Another Failed U.S. President

George W. Bush failed as a president not because of his Middle East policy, but because of the global financial meltdown in the spring and fall of 2008. Bush hadn’t a clue as to the long-term effects of US de-industrialization and the vast accumulation of debt as its very risky replacement. The same could be said for President Bill Clinton before him, but at least Clinton “lucked out” without a US originated global collapse.

So far, over the last seven years, President Obama has weathered the financial storms, but with the most costly and tepid recovery since before WWII. All three of these modern presidents have been unable to raise the living standards or the employment prospects of the American working classes. Debt as an answer to long-term joblessness (full and part-time) has failed miserably in the past and will most certainly do so in the future. Obama’s luck could be the next president’s ultimate dilemma. However, Obama’s economic “luck” (if a one-percent growth rate is lucky) could also deteriorate in the face of an obvious global recessionary tilt. This tilt could bring all the current debts (and they are massive) home to roost.

However, Obama’s failure is not about economics. It is his foreign policy which has become his ultimate undoing. Unlike nearly every president since Franklin Delano Roosevelt, Obama understood the necessity for a just international order that could be the essential alternative to blind realism and a loose, shifting balance of global power. Obama’s great failure is that he couldn’t synthesize these necessary ingredients in order to achieve a long-lasting international peace. International organizations, laws and treaties, and respect among nations were all emphasized by Obama. But they failed to materialize because they are impossible to enhance and sustain without the multi-polar structure of an agreeable and workable global balance of power. International order — i.e., the global desire for peace — is tantamount to impossible within a unipolar, bipolar or even triad construction. The Cold War ended nuclear bi-polarity partially through the use of a third party, China. The current unipolar world, the world since the fall of the Berlin Wall, is now in the process of being dissolved. It is being replaced by a new bi-polarity involving China and Russia on one side, and the US within the Atlantic community on the other. Back to square one?

Balance of power and national sovereignty still remain essential to a sustainable international order. However, international order is not world government. The global challenges of the 21st century are, indeed, global, and they require a context of universal cooperation. This is especially true in terms of the proliferation of nuclear weapons and all forms of environmental degradation. But Europe remains divided east and west, because the end of the Cold War simply did not unite the continent. This problem has festered now for twenty-five years and has become a serious impediment to an even bigger problem — the complete regional breakdown of the Middle East. President Obama has failed to understand the vital connection between international order and a truly flexible, yet stable, regional and global balance of power.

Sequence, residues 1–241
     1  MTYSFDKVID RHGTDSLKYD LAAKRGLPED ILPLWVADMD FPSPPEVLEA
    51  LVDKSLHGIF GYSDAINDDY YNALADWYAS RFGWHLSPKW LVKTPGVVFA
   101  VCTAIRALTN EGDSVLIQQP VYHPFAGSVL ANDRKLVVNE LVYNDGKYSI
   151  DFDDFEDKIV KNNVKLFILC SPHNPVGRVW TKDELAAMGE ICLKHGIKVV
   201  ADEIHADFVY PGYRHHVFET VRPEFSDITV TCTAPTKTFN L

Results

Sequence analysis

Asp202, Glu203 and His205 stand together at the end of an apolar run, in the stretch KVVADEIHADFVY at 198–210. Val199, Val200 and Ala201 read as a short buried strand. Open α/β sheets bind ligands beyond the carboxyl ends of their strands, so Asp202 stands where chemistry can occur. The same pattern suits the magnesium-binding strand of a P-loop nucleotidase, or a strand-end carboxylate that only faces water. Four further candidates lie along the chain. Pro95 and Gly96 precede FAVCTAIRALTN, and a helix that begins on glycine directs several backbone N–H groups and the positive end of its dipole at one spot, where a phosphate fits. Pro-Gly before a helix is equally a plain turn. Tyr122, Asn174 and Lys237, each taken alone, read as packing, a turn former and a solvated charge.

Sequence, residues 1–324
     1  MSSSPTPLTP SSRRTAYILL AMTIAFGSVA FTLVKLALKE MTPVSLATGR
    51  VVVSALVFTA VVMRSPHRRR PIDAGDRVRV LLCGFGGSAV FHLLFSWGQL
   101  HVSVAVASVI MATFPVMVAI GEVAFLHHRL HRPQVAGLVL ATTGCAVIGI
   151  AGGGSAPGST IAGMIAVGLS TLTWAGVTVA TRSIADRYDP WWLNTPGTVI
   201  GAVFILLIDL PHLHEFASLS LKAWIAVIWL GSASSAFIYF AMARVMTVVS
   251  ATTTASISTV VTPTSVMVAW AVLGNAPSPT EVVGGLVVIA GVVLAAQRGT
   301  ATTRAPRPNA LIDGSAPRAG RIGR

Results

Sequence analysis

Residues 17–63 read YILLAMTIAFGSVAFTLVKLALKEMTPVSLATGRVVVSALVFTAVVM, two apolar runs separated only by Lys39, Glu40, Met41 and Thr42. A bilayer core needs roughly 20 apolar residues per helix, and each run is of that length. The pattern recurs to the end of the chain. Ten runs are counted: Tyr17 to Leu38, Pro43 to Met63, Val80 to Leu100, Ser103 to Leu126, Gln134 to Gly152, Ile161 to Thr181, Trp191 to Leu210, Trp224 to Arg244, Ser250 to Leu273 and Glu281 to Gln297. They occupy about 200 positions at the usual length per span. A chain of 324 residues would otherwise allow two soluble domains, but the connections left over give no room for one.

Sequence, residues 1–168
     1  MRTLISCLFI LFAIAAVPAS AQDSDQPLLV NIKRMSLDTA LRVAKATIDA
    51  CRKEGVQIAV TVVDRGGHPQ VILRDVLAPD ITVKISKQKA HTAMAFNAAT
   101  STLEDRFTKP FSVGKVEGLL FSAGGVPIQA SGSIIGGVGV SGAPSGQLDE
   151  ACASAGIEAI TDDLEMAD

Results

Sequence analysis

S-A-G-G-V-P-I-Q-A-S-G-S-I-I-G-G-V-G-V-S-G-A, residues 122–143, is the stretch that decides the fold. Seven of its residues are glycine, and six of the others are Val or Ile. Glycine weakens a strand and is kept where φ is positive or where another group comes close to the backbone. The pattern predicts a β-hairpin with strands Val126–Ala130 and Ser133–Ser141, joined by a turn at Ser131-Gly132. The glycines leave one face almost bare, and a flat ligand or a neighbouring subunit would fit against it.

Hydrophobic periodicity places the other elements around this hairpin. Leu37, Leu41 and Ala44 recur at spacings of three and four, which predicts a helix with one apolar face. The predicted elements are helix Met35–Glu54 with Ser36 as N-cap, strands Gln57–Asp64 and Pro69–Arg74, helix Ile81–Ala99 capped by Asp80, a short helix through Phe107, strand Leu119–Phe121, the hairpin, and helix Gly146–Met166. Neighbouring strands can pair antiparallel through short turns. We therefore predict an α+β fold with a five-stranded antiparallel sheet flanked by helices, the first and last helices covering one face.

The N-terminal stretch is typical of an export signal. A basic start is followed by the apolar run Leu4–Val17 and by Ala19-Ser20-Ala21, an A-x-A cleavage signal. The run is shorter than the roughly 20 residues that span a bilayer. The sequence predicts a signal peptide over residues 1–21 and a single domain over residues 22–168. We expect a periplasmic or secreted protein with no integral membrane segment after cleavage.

The area of the Levant has become a contested zone between Iran and the Sunni Arab states. Obama’s policy of withdrawal (causing a serious vacuum) and his Iranian nuclear appeasement have only made matters worse. Now the region could become a geopolitical competition as Russia, and maybe China, choose to add their own geopolitical weight against the Sunni populations of Syria and Iraq. The necessity for this action is like an international chess move on the new global bipolar board.

Obama has also failed to understand another very important thing: ISIS is a vast Sunni cultural response to the Shiite imperial project emanating from the Iranian revolution, within the theological construct of its Islamic Republic based in Tehran. Both ISIS and Iran threaten the states of the Sunni Arab world and the very essential religious subjectivity of multitudes of Sunnis throughout the world. Until a just, fair and long-lasting regional balance of power is established, extremism will continue to intensify within this world as fear and paranoia replace reason and order. But a new Middle East balance of power appears impossible within the present context of international bipolarity. And this is precisely where President Obama has failed to provide any visionary leadership.